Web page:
Christ on the Way to Golgotha
Roberti, Ercole de' (1455-1496) | Painter
During the 15th century, smaller panels came to be placed below large altarpieces to form a base (predella). These panels were mostly painted with narrative motifs, while the altarpieces depicted individual saints. This Ferrarese artist created the predellas for the main altar of San Giovanni in Monte in Bologna. One shows Christ praying on the Mount of Olives on the left-hand side and his arrest by soldiers led by Judas on the right. The other represents Christ on the way to his crucifixion.
In our art collections, we have another predella scene painted by Ercole de'Roberti for the same Bologna altarpiece.
The subject of this work, in a similar horizontal format, is Christ’s prayer in the garden and his capture. To the far left, we see Christ absorbed in prayer on the Mount of Olives, his disciples asleep close by. De'Roberti renders the figures masterfully in a variety of poses. In the scene slightly to the right of the centre, the two main protagonists are Christ and Judas, the disciple who betrayed him. Judas has just kissed Christ – the signal for the soldiers to rush forwards and take Christ prisoner. To the left of Christ and Judas, the half-crouching man holding a sword over his head is Saint Peter. In an attempt to defend Christ, he strikes at Malchus, a servant of the High Priest, and cuts his ear off – though later Christ heals Malchus. The individual scenes present sequential events in different settings, with the rock formations serving to locate each scene in its own space and time.
Some days before the Jewish Passover festival, Christ enters Jerusalem on a donkey and is met by the cheering crowds of his followers. The next day he drives the moneychangers and merchants out of the Temple, announcing a new Temple built by God. After this ‘cleansing of the Temple’, as it is known, the chief priests plot to destroy him.
At his last supper with his disciples, Christ announces that one of them will betray him. He shares bread and wine with them, calling the bread his body and the wine his blood.
Later, he goes with a few of his disciples to Gethsemane, at the foot of the Mount of Olives, to pray. As he sets out to return to the town, he is met by Judas, who betrays him with a kiss. The kiss is the sign for an armed crowd to arrest Christ. He is taken before the high priests at the Sanhedrin, the Jewish supreme court. When asked if he is the Messiah, Christ answers that he is. The Sanhedrin accuse him of blasphemy, and sentence him to death. But since a death sentence can only be executed by the Roman governor, Christ is taken to be tried by Pontius Pilate. Pilate declares that he can find no basis to charge Christ. So he asks the assembled crowd and the priests if he should free Christ or free Barabbas, a condemned criminal. The crowd shouts for Barabbas to be freed. Afterwards, Pilate orders Christ to be scourged and executed as an agitator.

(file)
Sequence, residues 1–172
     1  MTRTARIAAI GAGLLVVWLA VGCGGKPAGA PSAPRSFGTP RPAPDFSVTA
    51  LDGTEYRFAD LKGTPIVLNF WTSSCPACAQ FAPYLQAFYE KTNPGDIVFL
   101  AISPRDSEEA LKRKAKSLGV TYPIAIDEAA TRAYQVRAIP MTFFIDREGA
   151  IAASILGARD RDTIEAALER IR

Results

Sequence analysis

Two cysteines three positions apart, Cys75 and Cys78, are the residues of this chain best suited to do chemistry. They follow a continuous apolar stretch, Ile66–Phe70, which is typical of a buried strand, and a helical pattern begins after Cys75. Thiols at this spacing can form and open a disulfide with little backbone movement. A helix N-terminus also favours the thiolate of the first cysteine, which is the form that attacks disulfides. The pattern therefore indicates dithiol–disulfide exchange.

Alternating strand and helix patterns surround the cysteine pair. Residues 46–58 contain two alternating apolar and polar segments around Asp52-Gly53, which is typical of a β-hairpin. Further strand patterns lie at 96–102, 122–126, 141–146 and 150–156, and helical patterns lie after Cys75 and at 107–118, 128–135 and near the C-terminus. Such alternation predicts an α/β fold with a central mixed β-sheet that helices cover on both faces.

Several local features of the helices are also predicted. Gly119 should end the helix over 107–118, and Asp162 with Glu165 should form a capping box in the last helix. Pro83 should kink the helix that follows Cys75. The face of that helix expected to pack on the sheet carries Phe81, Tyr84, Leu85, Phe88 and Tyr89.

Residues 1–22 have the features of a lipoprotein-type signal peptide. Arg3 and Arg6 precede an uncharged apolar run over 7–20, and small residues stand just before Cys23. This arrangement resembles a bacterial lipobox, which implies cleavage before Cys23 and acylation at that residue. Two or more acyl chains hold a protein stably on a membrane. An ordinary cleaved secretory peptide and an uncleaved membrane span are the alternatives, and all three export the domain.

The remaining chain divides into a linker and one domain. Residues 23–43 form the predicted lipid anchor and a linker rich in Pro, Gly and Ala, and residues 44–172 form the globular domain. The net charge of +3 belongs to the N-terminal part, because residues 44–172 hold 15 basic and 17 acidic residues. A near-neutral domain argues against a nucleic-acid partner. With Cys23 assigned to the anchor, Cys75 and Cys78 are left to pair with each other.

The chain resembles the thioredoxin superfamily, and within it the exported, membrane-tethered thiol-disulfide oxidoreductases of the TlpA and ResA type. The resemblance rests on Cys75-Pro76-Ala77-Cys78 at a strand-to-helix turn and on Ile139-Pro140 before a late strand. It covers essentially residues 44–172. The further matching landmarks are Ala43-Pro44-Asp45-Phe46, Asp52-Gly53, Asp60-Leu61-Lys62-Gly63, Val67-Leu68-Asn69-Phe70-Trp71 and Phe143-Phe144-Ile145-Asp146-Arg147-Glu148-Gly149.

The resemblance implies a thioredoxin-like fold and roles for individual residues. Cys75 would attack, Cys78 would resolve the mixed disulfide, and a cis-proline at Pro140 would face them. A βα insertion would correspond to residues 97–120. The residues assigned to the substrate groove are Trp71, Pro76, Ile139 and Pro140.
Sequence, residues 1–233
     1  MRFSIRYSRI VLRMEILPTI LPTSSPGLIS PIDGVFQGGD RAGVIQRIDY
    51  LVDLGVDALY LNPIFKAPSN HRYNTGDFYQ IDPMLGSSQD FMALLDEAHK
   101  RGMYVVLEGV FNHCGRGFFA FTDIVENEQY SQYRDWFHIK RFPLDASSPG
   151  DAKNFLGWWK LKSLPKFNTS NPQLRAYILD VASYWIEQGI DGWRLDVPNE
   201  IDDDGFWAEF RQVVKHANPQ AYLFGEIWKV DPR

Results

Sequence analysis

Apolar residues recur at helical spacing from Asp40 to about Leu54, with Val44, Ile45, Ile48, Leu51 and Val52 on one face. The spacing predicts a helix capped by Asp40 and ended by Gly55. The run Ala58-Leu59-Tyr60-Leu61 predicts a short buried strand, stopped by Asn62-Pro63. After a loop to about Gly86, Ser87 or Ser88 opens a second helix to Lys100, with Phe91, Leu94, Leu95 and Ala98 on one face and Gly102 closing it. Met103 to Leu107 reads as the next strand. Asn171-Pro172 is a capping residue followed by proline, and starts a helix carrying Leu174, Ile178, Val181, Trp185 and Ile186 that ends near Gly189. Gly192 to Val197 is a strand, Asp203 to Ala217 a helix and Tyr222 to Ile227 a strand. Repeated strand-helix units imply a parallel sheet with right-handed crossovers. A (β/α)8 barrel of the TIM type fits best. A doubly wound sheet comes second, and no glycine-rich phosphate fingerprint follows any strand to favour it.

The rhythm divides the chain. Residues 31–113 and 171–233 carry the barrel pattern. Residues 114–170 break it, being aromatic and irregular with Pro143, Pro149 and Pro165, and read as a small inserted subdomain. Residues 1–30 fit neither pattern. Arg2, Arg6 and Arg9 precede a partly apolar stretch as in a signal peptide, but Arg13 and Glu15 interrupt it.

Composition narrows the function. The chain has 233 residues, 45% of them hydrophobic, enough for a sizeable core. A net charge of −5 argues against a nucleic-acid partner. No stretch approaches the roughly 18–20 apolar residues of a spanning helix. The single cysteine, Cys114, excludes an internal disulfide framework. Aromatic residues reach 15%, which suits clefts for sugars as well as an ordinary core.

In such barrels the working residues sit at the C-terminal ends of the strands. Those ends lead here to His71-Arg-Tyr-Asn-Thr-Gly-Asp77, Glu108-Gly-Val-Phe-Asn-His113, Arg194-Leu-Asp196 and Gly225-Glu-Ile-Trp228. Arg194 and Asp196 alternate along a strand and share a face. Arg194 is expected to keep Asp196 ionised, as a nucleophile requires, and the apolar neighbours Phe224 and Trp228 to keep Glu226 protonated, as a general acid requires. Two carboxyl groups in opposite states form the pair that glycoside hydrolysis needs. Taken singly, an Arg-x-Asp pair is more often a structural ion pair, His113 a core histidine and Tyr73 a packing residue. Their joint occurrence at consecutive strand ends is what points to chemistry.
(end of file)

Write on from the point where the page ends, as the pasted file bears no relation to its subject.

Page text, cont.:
Christ is then crucified on the hill of Golgotha together with two thieves. Pilate grants Joseph of Arimathea, a member of the Sanhedrin, permission to take Christ’s body down from the cross and bury it in his own rock tomb. The women coming to the tomb on the morning after the Sabbath to anoint Christ’s body find the tomb open and his body gone.
‘Predella’ comes the Italian and means a little step or a stool. In art, the predella is the term for the horizontal band under the main panels of an altarpiece. An altarpiece is set at the rear of the altar – and sometimes known as a ‘retable’, derived from the Latin retro tabulum, ‘behind the altar’. In a church, an altarpiece is one of the most prominent features, and can be decorated with large format paintings or carved figures. Adding wing panels to the central panel created more space for the iconographic programme. On particularly elaborate altarpieces, the wing panels are painted on both sides. In this way, opening or closing the wings presents different scenes to the faithful.
- Material & Technique
- Oil on poplar panel
- Gemäldegalerie Alte Meister
- c. 1482/86
- Inventory number
- Gal.-Nr. 45